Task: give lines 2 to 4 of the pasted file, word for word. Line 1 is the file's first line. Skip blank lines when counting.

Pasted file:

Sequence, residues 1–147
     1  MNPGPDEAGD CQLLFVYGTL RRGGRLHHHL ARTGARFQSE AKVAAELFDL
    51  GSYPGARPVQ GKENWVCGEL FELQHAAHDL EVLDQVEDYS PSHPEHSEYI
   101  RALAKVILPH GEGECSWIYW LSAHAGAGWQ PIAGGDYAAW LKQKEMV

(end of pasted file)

     1  MNPGPDEAGD CQLLFVYGTL RRGGRLHHHL ARTGARFQSE AKVAAELFDL
    51  GSYPGARPVQ GKENWVCGEL FELQHAAHDL EVLDQVEDYS PSHPEHSEYI
   101  RALAKVILPH GEGECSWIYW LSAHAGAGWQ PIAGGDYAAW LKQKEMV